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I mean this entirely in good fellowship and with no snark or malice whatsoever, but if you're at the point where you care if it looks more like a Tailwind or a Cygnet (or "Plane X") it's time to break out of this thread and design your dream plane. If there's one thing I know from being in HBA since 2005, it's that this thread isn't going to design YOUR dream plane for you, and there won't be a single design developed here that will make you and everyone else happy. The best a thread like this can do is to serve as a sounding board for ideas that can be used to develop your own dream "VP-21."
 

cluttonfred

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After 179 pages and 3,500+ posts over ten years, I don't think anyone expects some magical combination of traits to click with people and all or even most of us will say, "Yup, that's the one." This thread serves a reminder that aircraft can be relatively affordable and easy/quick to build but there are trade-offs. Like the old expression goes, "Good, cheap, fast...pick two." That doesn't mean that something in the spirit of the Evans VP-2 is "bad," just that are you are likely giving up something for cheap and easy. In the end, nothing will come of these discussions unless an individual or perhaps two or three people together decide to take the idea and make it a reality. And that's OK, the exploration of the idea is its own reward in the meantime.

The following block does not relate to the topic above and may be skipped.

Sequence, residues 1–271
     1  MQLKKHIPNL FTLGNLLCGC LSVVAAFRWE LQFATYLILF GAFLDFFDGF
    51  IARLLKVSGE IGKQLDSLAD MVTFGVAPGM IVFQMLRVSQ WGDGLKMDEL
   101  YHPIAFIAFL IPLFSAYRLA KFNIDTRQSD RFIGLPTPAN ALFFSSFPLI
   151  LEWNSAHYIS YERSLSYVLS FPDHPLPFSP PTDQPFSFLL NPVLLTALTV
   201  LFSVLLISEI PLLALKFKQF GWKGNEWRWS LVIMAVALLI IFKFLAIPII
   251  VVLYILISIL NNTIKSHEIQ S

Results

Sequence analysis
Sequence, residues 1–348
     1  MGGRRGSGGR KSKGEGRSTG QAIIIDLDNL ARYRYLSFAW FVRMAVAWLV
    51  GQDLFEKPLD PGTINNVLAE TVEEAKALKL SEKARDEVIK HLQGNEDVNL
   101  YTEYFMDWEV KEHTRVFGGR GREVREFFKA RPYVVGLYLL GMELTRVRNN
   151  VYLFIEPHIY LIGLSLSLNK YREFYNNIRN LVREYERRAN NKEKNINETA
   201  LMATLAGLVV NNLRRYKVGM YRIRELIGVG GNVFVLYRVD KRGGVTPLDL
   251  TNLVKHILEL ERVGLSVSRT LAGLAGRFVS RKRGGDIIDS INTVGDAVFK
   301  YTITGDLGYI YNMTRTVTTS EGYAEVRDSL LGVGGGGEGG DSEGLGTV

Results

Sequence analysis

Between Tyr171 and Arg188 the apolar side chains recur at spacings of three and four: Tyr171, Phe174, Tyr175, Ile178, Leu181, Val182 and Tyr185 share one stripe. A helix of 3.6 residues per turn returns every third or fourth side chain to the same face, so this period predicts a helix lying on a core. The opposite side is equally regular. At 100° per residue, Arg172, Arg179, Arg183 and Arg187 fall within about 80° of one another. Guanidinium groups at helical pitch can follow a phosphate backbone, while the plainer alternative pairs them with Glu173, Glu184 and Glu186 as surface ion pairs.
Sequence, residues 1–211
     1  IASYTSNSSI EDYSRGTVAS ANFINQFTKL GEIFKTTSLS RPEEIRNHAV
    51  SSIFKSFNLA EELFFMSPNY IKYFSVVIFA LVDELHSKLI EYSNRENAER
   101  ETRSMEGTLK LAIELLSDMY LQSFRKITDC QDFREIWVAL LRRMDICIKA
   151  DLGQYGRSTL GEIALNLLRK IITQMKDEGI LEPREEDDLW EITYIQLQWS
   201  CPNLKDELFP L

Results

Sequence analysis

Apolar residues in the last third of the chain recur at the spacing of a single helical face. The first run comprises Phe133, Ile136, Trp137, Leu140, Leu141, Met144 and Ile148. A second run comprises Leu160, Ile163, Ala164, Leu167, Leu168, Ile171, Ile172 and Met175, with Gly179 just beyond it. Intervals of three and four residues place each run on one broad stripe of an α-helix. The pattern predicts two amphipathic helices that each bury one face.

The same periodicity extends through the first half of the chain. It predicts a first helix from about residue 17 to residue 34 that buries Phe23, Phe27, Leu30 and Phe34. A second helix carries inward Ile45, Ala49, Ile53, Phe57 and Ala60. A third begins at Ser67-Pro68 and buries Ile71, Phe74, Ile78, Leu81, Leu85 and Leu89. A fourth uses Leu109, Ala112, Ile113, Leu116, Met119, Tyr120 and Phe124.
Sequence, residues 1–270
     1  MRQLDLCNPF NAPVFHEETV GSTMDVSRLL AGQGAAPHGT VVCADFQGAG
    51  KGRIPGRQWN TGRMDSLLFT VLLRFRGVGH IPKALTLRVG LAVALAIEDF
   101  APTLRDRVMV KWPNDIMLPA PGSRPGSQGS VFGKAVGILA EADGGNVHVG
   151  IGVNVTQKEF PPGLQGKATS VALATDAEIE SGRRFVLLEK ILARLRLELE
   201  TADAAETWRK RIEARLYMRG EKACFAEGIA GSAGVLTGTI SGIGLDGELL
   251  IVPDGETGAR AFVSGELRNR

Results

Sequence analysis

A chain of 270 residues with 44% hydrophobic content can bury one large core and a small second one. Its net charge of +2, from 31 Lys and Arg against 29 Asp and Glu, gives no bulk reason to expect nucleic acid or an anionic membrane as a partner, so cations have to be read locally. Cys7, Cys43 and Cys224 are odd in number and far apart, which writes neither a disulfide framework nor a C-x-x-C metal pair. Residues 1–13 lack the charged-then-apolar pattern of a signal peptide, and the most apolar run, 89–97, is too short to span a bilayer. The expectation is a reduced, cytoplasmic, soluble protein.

If the plan for the 2 seater is an approx 600 lb empty weight AND aluminum skinned wings AND a wing area of 140 sq ft AND non-optimized tubular AL spar "caps", then I think we may find that something has got to give.
 
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Sockmonkey

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I guess in the end we can just have a catalogue of features and their pluses and minuses so a builder can just select the ones that suit them like when you make a D&D character.
 

Hot Wings

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I don't think anyone expects some magical combination of traits to click with people and all or even most of us will say, "Yup, that's the one."
For me one thing has become pretty well set in stone as a result of this thread:

If the VP-21 is to be built from scratch - and - via kits it will be of rivets and aluminum. This applies to Modern Primary Gliders as well............Autoreply may be right about composites for more advanced training gliders.
Wood is just too hard and expensive to source universally. Aluminum is more common and sheets can be rolled for cheap shipment.
Composites have a bad reputation and steep learning curve if made of moldless construction.
Glue together composite 'fast build' kits have most of the disadvantages of wood and the added development and tooling costs.